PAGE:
The suspect in a stabbing spree in Canada which left 10 people dead and 19 injured has died after being captured by police.
Myles Sanderson, 32, experienced “medical distress” after the arrest on a motorway in the province of Saskatchewan following a high-speed chase and died later, police say.
They gave no details. An unnamed official earlier said that Sanderson died of self-inflicted injuries.
Ten victims remain in hospital.
Three are in a critical condition.
It is not clear what prompted Sunday’s mass killings which encompassed 13 separate crime scenes. Both suspects – Myles Sanderson and his brother Damien, 31 – are dead.
Most of those killed in the rampage – and the suspects themselves – were from the James Smith Cree Nation, an indigenous community.
Police found Damien’s body on Monday and are investigating whether his brother killed him.
“This evening our province is breathing a collective sigh of relief,” Assistant Commissioner Rhonda Blackmore said on Wednesday night.
She said police had received a report earlier in the day of Myles Sanderson stealing a vehicle from outside a property. The householder was not injured during the theft.
Police gave pursuit as Sanderson fled at speeds of 150km/h (93mph).
They forced his vehicle into a ditch and officers found a knife in the SUV as they arrested him, said the police chief.
He was taken into custody at around 15:30 local time (21:30 GMT) and taken to a hospital in Saskatoon, where he was pronounced dead, she added.
News of Sanderson’s capture came soon after an alert was sent to Canadian mobile phone users warning people near the town of Wakaw to “seek immediate shelter/shelter in place” because a man armed with a knife had been seen driving a stolen white Chevrolet Avalanche in the area.
CBC News reports that Sanderson had broken into a woman’s rural property at around 14:00 local time on Wednesday.
The woman spotted Sanderson walking up to her front door, so she locked it and took refuge in a bathroom in her bedroom, her son told the Canadian broadcaster.
Sanderson kicked down the front door and went into the bedroom, telling the woman he would not hurt her and asking her to come with him, but she refused, according to her son.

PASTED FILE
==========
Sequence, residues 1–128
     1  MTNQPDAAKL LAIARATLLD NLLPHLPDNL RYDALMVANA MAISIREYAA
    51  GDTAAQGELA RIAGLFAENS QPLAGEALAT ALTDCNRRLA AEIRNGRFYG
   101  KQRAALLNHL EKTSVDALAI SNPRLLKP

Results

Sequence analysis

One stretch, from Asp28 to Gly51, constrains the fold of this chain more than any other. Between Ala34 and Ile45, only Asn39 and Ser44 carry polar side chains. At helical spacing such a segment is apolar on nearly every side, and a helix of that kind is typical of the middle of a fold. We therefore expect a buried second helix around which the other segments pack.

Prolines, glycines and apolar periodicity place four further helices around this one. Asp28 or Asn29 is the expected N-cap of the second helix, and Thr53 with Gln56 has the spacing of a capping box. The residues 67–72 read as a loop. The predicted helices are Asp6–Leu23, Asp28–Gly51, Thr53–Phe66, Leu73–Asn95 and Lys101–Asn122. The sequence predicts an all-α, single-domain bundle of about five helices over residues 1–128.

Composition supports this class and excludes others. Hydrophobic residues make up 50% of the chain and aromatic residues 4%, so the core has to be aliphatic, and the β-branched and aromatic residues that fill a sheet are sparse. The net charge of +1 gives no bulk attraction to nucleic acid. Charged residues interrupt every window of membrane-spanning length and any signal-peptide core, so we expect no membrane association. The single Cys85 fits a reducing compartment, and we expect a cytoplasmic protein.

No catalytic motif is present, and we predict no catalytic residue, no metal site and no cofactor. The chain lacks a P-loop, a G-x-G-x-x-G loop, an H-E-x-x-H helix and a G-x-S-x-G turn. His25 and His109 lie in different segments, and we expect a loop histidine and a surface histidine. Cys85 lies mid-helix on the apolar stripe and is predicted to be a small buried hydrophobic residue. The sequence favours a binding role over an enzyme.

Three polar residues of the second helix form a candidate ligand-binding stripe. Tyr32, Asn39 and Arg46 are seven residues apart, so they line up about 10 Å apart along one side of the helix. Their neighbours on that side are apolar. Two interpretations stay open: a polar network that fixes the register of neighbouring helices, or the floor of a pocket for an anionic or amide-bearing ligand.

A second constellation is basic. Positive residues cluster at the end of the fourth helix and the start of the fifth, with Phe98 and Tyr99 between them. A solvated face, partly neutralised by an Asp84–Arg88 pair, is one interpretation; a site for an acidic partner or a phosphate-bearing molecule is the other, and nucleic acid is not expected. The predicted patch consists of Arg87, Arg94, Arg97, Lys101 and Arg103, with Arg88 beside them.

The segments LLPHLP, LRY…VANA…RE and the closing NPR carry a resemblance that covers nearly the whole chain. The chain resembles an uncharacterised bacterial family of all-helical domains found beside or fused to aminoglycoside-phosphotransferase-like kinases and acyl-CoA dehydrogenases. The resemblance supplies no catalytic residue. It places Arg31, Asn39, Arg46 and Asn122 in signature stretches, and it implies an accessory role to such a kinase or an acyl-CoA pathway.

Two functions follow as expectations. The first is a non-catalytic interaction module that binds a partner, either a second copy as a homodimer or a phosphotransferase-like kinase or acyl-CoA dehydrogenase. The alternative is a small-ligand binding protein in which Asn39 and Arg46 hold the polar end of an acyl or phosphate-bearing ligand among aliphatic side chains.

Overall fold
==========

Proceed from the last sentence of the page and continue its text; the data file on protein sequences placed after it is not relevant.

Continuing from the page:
The suspect took the woman’s car keys, along with her mobile phone, water and a soft drink and cigarettes, the son said. The woman called police through a landline, reports CBC.
Earlier on Wednesday, the parents of the brothers had appealed for their surviving son to turn himself in.
“I want to apologise for my son, my sons,” their mother said in an interview with CBC News.
“We don’t know the whole story, but I want to apologise to everybody that was hurt and affected by this terrible situation.”
Myles Sanderson had been facing charges of first-degree murder.
Canada’s parole board said on Tuesday that it would review why he had been released early from prison while serving a four-year sentence for several violent crimes.
In February, the board said he would “not present an undue risk” and that his release would “contribute to the protection of society” by facilitating his rehabilitation.
Saskatoon police earlier confirmed they had been searching for Myles Sanderson since May, when he stopped meeting his assigned caseworker and was classified as “unlawfully at large”.
Parole documents show he had a decades-long criminal record, including 59 criminal convictions since he was 18 for assault, threats and robbery.
According to court papers, Sanderson had stabbed two of the victims killed in Sunday’s rampage – his in-laws, Earl Burns and Joyce Burns – seven years earlier.
“I want to know the reasons behind the [parole] decision,” Public Safety Minister Marco Mendicino told reporters. “I’m extremely concerned by what occurred here.”
At an emotional news conference on Wednesday, relatives of the victims spoke of their “horror”.
Mark Arcand, chief of the Saskatoon Tribal Council, said his sister, Bonnie Goodvoice-Burns, died protecting her three children.
“One of the young boys was hiding behind a highchair watching the whole thing happen,” he said.
Additional reporting by Max Matza